The Variable Capital Companies Act 2018 (VCC Act), which is the governing legislation for the new Variable Capital Company (VCC) fund structure in Singapore, and the related subsidiary legislation have come into operation as of 15 January 2020, officially launching the VCC framework. The launch has been highly anticipated by the investment funds management industry in Singapore and comes after the Monetary Authority of Singapore (MAS) most recently sought public feedback in the second quarter of 2019 on the subsidiary legislation pertaining to a VCC’s operational aspects, its anti-money laundering and countering the financing of terrorism obligations, and its insolvency and winding-up regime.
The VCC is a new corporate fund structure tailored for collective investment schemes. It can take the form of an umbrella structure, consisting of multiple sub-funds with different investment strategies and objectives, assets and liabilities, and investors. Introduced to encourage investment funds to be incorporated and operated in Singapore, the VCC structure aims to enhance Singapore’s position as a fund domicile alongside global fund domiciles such as the Cayman Islands and Luxembourg. Given that Singapore is an established fund manager domicile, the VCC would bolster its reputation and position as a full-service international fund management center.
The VCC Act, which is the governing legislation for the VCC structure, was passed by the Singapore Parliament in October 2018 following an extensive consultation with the asset management industry in Singapore.
In the second quarter of 2019, MAS issued two consultation papers on the subsidiary legislation for the VCC structure, focusing on the operational, anti-money laundering, and insolvency and winding-up regime of the VCC.
Subsequently, in September 2019, the Singapore Parliament passed the Variable Capital Companies (Amendments) Bill to put in place the tax treatment for VCCs, and to amend the VCC Act to incorporate relevant insolvency provisions under the Insolvency, Restructuring and Dissolution Act.
In the run-up to the launch of the VCC framework, MAS has been administering a pilot program for the initial wave of fund managers seeking to launch their investment funds as VCCs. It is expected that such fund managers will be able to establish and incorporate their VCCs on or about 15 January 2020.
Also noteworthy is an effort by a working group formed under the Singapore Academy of Law (SAL)—a promotion and development agency for the Singapore legal industry—to prepare two model VCC constitutions for use for private funds. The initiative is intended to encourage adoption of the VCC by overcoming initial investor unfamiliarity with the VCC structure. The model constitutions were officially released in December 2019, and are publicly available for download on SAL’s Singapore Law Watch website.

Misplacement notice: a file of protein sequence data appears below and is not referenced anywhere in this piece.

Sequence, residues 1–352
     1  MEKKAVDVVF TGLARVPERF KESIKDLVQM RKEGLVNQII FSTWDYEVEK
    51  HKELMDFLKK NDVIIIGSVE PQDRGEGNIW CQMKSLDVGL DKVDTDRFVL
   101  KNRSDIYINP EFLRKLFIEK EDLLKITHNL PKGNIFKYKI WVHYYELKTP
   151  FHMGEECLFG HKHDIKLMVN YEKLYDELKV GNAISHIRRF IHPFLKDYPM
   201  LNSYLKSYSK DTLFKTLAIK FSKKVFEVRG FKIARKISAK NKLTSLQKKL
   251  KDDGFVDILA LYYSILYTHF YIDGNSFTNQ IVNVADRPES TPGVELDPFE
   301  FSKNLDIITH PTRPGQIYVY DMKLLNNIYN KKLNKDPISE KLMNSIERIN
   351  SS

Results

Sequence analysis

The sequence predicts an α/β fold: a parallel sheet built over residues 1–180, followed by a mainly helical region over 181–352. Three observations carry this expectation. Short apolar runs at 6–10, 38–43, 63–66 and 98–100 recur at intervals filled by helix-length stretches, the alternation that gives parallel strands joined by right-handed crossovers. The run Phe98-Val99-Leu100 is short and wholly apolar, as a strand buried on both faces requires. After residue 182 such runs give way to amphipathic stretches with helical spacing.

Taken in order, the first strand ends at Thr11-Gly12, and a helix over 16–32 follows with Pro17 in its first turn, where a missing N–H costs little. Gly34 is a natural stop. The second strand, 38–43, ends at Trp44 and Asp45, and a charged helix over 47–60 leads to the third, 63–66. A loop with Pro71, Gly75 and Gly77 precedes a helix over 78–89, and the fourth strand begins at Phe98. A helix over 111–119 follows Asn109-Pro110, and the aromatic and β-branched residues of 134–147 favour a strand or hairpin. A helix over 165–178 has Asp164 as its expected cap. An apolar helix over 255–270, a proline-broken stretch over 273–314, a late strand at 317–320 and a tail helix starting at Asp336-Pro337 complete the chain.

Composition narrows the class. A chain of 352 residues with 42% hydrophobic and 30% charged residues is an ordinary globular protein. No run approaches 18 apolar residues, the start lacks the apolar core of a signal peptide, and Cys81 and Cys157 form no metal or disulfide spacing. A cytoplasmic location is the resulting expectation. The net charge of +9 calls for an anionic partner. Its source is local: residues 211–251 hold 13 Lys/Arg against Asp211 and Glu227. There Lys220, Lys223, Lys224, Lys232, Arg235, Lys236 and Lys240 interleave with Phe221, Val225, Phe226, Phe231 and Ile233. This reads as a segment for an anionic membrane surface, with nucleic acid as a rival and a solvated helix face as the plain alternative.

Finally, in a move eagerly anticipated by the investment funds management industry in Singapore, the VCC Act and the related subsidiary legislation have come into operation as of 15 January 2020, officially launching the VCC framework. MAS has also launched a Variable Capital Companies Grant Scheme for a period of up to three years, to help defray the costs involved in incorporating or registering a VCC by co-funding up to 70% of eligible expenses paid to Singapore-based service providers.
The VCC has generated significant interest amongst fund managers and substantial enthusiasm among service providers in the fund management ecosystem. We are optimistic that the VCC regime will be successful to elevate Singapore’s position as a fund domicile center, in light of the multiple rounds of public consultations conducted (not only on the VCC Act, but also the subsidiary legislation) and the administration of the pilot program. Industry-led efforts such as the preparation of the model constitutions are certainly helpful to achieve the same end.
To encourage further adoption of the VCC structure in the future, we hope that the scope of the VCC legislation will be further expanded such that the VCC can be managed by the full range of exempt managers. Currently, the VCC framework can only be adopted by funds managed by a licensed or registered fund manager or one who is otherwise regulated as a financial institution (e.g., licensed bank, merchant bank, finance company, or insurance company).
For now, we foresee that the main uptake of the VCC structure will be driven by private fund managers. It may take several months before retail fund managers jump on the bandwagon, after use of the VCC structure becomes more widespread and established among fund sponsors and investors, having regard also to the additional regulatory considerations governing retail funds. Another important driver for the adoption of the VCC structure is the inward re-domiciliation of foreign-domiciled funds into Singapore, which we are expecting to be a popular option in the months ahead.
Ultimately, education of fund sponsors and investors is key to ensure the long-term sustainability in the use of the VCC structure. While investor unfamiliarity is difficult to overcome, it is hoped that this can be reduced with the passage of time and increasing awareness. Singapore has much to offer as a fund domicile center, arising from its pro-business environment, stable political conditions, competitive tax rates, and robust legal system.
If you have any questions or would like more information on the issues discussed in this LawFlash, please contact Morgan Lewis lawyers, who are directors of Morgan Lewis Stamford LLC, a Singapore law corporation affiliated with Morgan, Lewis & Bockius LLP: